PC Party members rally around their embattled leader in Gander
At the end of Premier Kathy Dunderdale’s sprawling 45-minute speech to PC Party delegates Saturday morning in Gander, Agnes Richard had heard enough.
Premier Kathy Dunderdale addresses Progressive Conservative Party delegates Saturday morning at the Hotel Gander. Dunderdale talked at length about Muskrat Falls and Bill 29, two issues where she said people are getting misinformation from opposition politicians and the media.
— Photo by James McLeod/The Telegram
Under party rules, Dunderdale knew she was safe from a leadership review 30 days before the convention; anybody wanting to challenge her job at the helm needed to give advance notice in writing to the party office.
But Richard charged up to a microphone, and said she didn’t care what the rules had to say. She wanted to speak up anyway.
“I move that we endorse the leadership of Kathy Dunderdale.” Richard said, before she was drowned out in cheers, applause and shouts of “hear, hear” from the other delegates.
The PCs may be third place in the polls, and nearly four out of five Newfoundlanders and Labradorians may think that Dunderdale is not the best choice for premier of the province, but at the PC Party annual convention, there was no hint of wavering support.
The most common sentiment expressed again and again was, “If only they knew her like we know her, then everything would be different.”
Dunderdale gave a keynote speech at the Friday night convention banquet, speaking from prepared notes and alternating between talking about the roaring economy in the province, and blasting the opposition parties — the Liberals especially — for their past failures in government and their more recent unrealistic demands of the government as Official Opposition.
“Every new demand they make, every new dollar they promise to spend is a dollar they would tear from the hands of hard-working Newfoundlanders and Labradorians,” Dunderdale said.
But during her “Leader’s Report” speech on Saturday morning, Dunderdale spent most of her time talking “about the facts, not the myths” some of the government’s perceived failures: Muskrat Falls, and the Bill 29 amendments to access to information.
On both files, Dunderdale said, the opposition parties and the media have been painting an unfair, skewed view of things.
“If you don’t come to forums like this, you would never know all the great things that are happening in the province,” Dunderdale said. “If we had to rely on our traditional sources of information, if you had to listen to the radio or to other media all day long, you’d think the arse is gone completely out of it, and that is not so. It is not so, and it is very difficult to get our own message out.”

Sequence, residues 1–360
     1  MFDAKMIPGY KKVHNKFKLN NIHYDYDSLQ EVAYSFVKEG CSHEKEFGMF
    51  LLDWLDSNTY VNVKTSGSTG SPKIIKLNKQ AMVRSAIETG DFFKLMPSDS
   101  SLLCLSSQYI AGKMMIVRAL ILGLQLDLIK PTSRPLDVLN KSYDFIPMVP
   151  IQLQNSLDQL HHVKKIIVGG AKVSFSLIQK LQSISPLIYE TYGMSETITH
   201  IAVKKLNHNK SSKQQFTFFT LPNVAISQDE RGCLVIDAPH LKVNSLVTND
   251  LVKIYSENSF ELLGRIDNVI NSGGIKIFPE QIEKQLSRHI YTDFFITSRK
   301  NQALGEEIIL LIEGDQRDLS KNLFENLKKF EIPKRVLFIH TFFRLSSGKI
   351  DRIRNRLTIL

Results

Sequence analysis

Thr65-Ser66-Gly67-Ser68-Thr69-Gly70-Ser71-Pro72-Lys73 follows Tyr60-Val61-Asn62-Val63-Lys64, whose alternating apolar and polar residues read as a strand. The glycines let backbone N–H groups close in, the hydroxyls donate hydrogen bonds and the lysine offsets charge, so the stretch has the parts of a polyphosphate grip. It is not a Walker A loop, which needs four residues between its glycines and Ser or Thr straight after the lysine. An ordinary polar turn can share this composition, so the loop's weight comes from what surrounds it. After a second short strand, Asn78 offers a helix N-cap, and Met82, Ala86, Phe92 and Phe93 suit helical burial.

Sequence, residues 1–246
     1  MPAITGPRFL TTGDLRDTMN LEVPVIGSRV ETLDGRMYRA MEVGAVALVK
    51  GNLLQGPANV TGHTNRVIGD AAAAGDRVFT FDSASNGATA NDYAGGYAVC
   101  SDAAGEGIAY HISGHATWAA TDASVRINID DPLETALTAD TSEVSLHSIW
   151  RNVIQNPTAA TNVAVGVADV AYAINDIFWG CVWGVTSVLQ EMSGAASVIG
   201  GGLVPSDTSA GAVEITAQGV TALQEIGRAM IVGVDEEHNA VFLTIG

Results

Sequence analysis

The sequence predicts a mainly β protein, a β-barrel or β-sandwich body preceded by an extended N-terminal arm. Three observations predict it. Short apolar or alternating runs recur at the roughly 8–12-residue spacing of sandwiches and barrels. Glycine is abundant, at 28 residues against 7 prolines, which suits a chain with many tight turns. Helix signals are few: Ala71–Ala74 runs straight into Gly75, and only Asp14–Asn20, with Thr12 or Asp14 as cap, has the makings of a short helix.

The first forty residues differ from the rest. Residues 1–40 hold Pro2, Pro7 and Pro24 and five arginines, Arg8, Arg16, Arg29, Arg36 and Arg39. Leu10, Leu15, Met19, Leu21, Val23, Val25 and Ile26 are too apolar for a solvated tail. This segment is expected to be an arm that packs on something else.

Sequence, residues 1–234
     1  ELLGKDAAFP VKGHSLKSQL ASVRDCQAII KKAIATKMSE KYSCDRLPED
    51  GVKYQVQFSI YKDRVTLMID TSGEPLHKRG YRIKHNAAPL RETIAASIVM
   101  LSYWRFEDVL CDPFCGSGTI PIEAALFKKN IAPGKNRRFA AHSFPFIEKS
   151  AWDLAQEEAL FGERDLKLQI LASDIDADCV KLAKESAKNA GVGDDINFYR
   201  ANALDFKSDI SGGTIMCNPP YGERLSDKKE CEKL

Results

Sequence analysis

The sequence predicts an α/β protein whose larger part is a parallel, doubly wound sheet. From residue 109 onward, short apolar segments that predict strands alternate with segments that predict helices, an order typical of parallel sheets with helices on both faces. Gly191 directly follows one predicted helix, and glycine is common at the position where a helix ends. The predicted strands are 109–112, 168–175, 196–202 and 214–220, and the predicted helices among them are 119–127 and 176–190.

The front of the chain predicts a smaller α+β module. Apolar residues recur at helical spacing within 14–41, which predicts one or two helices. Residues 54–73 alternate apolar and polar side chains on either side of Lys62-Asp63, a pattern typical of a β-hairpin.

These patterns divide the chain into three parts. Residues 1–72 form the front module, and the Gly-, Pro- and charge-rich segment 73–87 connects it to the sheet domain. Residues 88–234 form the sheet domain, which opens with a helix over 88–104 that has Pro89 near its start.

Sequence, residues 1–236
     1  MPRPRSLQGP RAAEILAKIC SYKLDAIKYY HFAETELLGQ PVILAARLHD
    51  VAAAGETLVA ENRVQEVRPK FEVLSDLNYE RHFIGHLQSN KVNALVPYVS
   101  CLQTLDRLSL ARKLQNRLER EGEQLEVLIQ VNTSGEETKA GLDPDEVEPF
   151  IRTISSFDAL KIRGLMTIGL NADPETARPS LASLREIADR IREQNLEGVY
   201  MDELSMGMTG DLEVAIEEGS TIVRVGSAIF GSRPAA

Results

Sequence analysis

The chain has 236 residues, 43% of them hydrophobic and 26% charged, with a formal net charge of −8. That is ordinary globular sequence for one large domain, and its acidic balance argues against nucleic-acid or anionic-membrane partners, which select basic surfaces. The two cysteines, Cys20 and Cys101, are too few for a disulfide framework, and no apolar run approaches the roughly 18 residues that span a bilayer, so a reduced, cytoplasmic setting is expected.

On Muskrat Falls, Dunderdale said, “there is more information available on this project to the people of the province than ever before in our history on any project.”
On Bill 29, Dunderdale once again offered her defence of the controversial law, saying that personal privacy, cabinet secrecy and commercially sensitive information must be kept confidential.
Despite this, she said the government is sending out more information than ever before.
“There is way more information going out now than prior to Bill 29,” Dunderdale said. “Significantly more requests coming in than before; significantly more information going out.”
Critics have pointed out that the amendments to the access to information law made broad swaths of government documents off-limits to public disclosure, and made it possible withhold documents that had previously been accessible.
Every Liberal leadership candidate has promised to repeal Bill 29, and Dunderdale said that’s because they simply don’t know what they’re talking about.
“Now, I’m going to tell you, that’s pretty scary,” Dunderdale said. “B’ys, we could be in a lot of trouble if they ever get their way.”
Earlier this month, the party started distributing the first volume of “The Blue Pages,” a newsletter which gives the PC Party perspective on current issues. It will be distributed regularly to members across the province.
Party president Cillian Sheehan said the backbone of the party is solid, with hundreds of thousands of dollars in the bank and active district associations right across the province.
Sheehan said the party plans on using that structure a lot more.
“We have to kind of utilize our district associations a little bit more in terms of getting our message out to them so they can disseminate it around the communities — you know, in coffee shops, around council chambers, volunteer groups,” he said. “That’s a way of getting our message out that we probably haven’t been using as much as we should have in the past.”